Sielski: Loss shows just how much help Wentz will need
SEATTLE - Across the upper part of his back, just below his nape, Carson Wentz has a tattoo: ISAIAH 41:10. The King James translation of that Biblical verse reads as follows: Fear thou not; for I am with thee: be not dismayed; for I am thy God: I will str
SEATTLE - Across the upper part of his back, just below his nape, Carson Wentz has a tattoo: ISAIAH 41:10. The King James translation of that Biblical verse reads as follows: Fear thou not; for I am with thee: be not dismayed; for I am thy God: I will strengthen thee; yea, I will help thee; yea, I will uphold thee with the right hand of my righteousness. It is an affirmation of Wentz's Christian faith, a permanent reminder of the spiritual reassurance that he relies on. But at the risk of being blasphemous, he and the Eagles could use a different vessel of support and assistance these days. Say, for instance, a wide receiver who knew how to line up correctly.
Sunday reaffirmed just how much Wentz needs that more tangible, practical help if he's going to fulfill the expectations that have been tethered to him since the Eagles drafted him. He was inconsistent, as he has been lately, during a 26-15 loss to the Seahawks: 23 of 45, 218 yards, two touchdowns, two interceptions. Such a performance shouldn't have been surprising. The Seahawks' defense has done worse to more-accomplished, more-experienced quarterbacks, and Wentz's ups and downs since that blazing three-game beginning to his pro career should have been expected.
He's a rookie, and rookies usually struggle, and he has shown enough good things to suggest that he can be a terrific player in this league for a long time. Nevertheless, what the Eagles showed on Sunday, more than anything, is that having a potential franchise quarterback doesn't and won't mean much if they can't surround him with competent teammates - competent, in its most literal definition.
"The little mistakes that we make, whether it be mental mistakes - where we're lining up-or the physical mistakes-turnovers, dropped passes, you name it - there's a lot of things," Wentz said. "Speaking for myself, we've all got to be better. . . . Even in some of our wins, we've got so many mistakes that just keep creeping up on us that we've got to get cleaned up."
This has to be the core concern for the Eagles out of Sunday's loss: They made so many mistakes on so many fundamental aspects of football that they never gave themselves a true chance at toppling the team that might yet again prove to the best in the NFC, and no quarterback, not even one with Wentz's talent and potential, can overcome such sloppiness. Nelson Agholor's foggy-brained failure to confirm that he was aligned correctly on a second-quarter pass play-the cause of an illegal-formation penalty that wiped out a 57-yard touchdown catch-and-rumble by Zach Ertz - was only their most egregious error. All over, there were signs of an undisciplined football team.
"A hundred percent," safety Malcolm Jenkins said. "Attention to detail-it's the basics of football. Get lined up, and on third and 15, don't just offside. So yeah, those things are signs of being undisciplined, and it's not just in this game. It's in other games. . . . That's been the story line: just missed opportunities where one guy, two guys didn't do their jobs."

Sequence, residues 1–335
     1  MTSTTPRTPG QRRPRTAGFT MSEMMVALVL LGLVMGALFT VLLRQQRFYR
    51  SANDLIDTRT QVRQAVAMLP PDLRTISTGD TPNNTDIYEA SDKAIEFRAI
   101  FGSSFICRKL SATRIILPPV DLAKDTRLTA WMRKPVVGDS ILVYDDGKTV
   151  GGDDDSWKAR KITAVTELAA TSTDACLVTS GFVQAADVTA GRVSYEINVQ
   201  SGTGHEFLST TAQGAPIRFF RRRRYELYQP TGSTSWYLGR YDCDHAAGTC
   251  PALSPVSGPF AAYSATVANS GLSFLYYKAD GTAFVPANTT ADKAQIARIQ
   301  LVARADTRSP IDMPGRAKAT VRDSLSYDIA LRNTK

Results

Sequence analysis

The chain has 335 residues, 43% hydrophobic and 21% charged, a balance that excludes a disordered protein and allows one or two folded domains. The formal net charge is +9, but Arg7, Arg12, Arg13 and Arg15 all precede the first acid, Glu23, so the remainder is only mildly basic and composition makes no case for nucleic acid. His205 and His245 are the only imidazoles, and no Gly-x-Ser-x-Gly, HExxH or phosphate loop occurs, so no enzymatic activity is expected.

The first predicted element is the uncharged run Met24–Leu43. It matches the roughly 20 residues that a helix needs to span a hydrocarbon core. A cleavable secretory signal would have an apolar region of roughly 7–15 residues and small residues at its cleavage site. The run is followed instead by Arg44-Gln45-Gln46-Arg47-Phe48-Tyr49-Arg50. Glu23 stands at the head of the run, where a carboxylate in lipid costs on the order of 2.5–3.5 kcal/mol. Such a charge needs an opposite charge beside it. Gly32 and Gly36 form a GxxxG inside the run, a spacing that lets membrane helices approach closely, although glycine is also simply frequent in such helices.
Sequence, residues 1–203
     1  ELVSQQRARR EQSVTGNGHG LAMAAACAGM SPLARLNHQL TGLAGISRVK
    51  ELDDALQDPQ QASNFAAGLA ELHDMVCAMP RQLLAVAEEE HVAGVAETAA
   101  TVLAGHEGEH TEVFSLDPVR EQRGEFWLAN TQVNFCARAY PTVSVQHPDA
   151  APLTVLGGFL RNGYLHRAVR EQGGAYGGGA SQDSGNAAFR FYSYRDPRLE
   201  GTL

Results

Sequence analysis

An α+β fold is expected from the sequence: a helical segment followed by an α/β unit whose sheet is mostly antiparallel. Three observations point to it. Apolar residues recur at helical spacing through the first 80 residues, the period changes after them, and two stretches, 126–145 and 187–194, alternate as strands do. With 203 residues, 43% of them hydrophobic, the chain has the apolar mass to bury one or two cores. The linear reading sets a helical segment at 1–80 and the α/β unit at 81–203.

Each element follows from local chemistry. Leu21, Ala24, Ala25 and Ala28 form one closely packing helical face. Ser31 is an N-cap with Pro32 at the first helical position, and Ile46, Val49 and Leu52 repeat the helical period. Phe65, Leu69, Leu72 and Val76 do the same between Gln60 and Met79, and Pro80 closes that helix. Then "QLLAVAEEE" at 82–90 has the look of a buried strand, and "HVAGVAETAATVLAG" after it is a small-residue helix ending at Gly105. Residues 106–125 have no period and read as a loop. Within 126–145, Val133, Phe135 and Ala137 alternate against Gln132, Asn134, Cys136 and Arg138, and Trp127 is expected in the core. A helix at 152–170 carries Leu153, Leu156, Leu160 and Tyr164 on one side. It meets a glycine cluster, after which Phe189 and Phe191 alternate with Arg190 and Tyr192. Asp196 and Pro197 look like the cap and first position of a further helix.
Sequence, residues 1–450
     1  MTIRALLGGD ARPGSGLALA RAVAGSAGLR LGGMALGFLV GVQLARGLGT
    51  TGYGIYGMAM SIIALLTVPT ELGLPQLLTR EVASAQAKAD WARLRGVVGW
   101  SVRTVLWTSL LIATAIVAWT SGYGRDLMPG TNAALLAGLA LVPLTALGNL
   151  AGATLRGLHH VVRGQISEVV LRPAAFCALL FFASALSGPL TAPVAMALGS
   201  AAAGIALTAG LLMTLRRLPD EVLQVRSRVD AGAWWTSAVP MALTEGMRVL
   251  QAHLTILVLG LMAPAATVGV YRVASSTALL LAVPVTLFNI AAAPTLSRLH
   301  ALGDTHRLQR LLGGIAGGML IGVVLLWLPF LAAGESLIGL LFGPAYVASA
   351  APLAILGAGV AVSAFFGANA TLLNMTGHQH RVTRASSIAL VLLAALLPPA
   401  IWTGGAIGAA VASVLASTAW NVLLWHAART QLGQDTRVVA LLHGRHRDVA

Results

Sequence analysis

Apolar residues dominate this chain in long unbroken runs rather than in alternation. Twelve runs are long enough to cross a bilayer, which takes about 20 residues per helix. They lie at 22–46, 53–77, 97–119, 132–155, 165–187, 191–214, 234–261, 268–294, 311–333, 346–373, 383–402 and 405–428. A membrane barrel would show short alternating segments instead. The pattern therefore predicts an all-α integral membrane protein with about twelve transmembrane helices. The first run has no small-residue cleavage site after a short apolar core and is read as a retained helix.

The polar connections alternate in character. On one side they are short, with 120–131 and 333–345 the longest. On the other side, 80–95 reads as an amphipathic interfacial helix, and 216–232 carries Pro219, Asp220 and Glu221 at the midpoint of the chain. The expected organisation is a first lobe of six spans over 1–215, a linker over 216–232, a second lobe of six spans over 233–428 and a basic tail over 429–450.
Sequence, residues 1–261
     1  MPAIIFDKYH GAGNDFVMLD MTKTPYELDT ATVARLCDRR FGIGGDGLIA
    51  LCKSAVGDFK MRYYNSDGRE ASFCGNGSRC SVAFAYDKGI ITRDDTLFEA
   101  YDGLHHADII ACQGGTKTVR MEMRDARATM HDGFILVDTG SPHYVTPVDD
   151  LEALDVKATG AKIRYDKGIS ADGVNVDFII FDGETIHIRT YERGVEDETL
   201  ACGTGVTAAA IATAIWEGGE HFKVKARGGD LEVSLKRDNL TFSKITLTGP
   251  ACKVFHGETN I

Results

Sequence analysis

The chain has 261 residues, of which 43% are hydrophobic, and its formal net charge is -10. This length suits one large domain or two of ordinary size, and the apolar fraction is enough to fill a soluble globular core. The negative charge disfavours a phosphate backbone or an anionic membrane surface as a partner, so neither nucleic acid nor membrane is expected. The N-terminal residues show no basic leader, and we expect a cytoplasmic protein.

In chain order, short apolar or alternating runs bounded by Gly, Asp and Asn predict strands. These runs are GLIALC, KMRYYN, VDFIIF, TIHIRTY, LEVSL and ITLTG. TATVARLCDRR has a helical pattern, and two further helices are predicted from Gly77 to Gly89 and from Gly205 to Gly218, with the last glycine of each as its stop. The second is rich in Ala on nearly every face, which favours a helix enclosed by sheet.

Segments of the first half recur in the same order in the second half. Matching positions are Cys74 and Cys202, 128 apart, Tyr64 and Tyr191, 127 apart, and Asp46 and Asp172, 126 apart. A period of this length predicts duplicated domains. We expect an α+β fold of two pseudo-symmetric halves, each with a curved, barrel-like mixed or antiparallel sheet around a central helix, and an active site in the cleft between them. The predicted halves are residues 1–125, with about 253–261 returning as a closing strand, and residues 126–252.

For all of Doug Pederson and Howie Roseman's assertions that Wentz's presence and growth will give the Eagles a head start in the annual race for the Lombardi Trophy, Sunday was a reminder of just how far this franchise has to go yet. Forget a game-breaking wide receiver or shutdown cornerbacks. Those seem luxuries now. Wentz will need a defense that, over a 92-yard touchdown drive, doesn't commit three penalties and allow an opposing offense to convert first downs in second-and-20 and third-and-16 situations. The Eagles defense did that in the second quarter, on its way to surrendering an average of seven yards per play to Russell Wilson and the Seahawks offense.
Wentz will need a wide receiver who doesn't give up on a deep throw and allow an opposing cornerback to intercept the pass. Bryce Treggs did that in the third quarter. Wentz will need a head coach who can coax that intelligent, efficient play out of his team and a player-personnel chief who can find and acquire the right players to put around him. Pederson and Roseman have to show that they can do that. This season was a beta test for the core of this team, and it's becoming clear now that the franchise's player-personnel people have some hard decisions ahead of them. The Eagles may very well have their quarterback for the next decade, but they've only just begun to build around him, and make no mistake: They're still counting how many bricks they have.
"You try to get your players better, and you teach, and it's fundamental football," Pederson said. "I've talked to the players a lot about how every game has its own set of circumstances. Every game is different. No two games are alike, and as coaches and players, those are the lessons that we learn. You just can't relax. You can't rest. You have to continue to fight through it and push through it and keep teaching and keep coaching, and eventually you learn from all your mistakes."
Or, eventually you learn that you need new players, because your young franchise quarterback can't do it all by himself and shouldn't be asked to. That's the fear that should remain for the Eagles and for Carson Wentz. He will be with them, but he alone won't be enough.